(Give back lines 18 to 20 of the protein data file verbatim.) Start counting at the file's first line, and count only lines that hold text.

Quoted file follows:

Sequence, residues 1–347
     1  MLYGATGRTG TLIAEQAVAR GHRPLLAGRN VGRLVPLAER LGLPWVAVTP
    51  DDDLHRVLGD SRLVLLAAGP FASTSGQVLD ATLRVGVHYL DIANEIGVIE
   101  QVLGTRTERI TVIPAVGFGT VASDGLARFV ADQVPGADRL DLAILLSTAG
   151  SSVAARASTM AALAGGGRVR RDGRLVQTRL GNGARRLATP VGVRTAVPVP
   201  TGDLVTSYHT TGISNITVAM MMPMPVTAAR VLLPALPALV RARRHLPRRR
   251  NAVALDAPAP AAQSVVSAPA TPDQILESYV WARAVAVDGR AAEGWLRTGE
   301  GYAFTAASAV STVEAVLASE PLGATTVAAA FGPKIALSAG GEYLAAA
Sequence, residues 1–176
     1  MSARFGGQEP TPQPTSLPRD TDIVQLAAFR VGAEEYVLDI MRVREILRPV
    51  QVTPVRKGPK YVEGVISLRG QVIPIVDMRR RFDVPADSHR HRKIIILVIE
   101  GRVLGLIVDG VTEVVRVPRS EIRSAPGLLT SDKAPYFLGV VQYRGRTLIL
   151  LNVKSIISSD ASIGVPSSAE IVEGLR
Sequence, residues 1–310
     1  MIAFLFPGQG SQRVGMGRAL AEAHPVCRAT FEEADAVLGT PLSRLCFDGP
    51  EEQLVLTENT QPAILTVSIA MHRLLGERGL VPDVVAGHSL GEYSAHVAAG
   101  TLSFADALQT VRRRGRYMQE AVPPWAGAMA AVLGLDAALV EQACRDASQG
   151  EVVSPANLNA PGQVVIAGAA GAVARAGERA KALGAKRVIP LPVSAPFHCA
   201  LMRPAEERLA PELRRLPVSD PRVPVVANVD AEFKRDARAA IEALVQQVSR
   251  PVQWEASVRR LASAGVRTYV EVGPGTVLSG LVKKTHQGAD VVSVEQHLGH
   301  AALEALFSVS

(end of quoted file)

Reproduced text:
   151  EVVSPANLNA PGQVVIAGAA GAVARAGERA KALGAKRVIP LPVSAPFHCA
   201  LMRPAEERLA PELRRLPVSD PRVPVVANVD AEFKRDARAA IEALVQQVSR
   251  PVQWEASVRR LASAGVRTYV EVGPGTVLSG LVKKTHQGAD VVSVEQHLGH